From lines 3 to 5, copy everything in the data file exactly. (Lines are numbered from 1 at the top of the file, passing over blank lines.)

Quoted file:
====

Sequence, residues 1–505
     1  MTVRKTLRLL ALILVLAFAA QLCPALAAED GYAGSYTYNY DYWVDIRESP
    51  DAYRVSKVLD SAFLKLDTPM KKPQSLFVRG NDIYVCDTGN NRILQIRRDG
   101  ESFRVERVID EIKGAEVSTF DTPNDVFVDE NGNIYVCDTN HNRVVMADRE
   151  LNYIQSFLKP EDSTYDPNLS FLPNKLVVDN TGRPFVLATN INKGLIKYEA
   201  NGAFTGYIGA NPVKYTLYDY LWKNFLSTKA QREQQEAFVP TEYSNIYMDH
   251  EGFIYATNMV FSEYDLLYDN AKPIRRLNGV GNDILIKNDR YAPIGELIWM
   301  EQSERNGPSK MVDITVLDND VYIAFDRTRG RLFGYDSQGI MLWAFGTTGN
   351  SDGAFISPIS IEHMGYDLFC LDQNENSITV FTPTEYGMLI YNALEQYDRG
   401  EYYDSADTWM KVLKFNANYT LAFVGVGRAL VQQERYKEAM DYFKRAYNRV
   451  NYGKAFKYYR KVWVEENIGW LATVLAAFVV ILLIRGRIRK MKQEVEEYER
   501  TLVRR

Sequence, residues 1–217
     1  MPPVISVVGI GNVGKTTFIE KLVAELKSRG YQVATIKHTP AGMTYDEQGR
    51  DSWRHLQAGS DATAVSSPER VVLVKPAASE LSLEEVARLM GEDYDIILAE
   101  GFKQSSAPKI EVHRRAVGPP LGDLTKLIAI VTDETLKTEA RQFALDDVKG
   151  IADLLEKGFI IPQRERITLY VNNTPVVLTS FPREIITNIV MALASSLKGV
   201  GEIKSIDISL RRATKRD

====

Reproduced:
    51  DAYRVSKVLD SAFLKLDTPM KKPQSLFVRG NDIYVCDTGN NRILQIRRDG
   101  ESFRVERVID EIKGAEVSTF DTPNDVFVDE NGNIYVCDTN HNRVVMADRE
   151  LNYIQSFLKP EDSTYDPNLS FLPNKLVVDN TGRPFVLATN INKGLIKYEA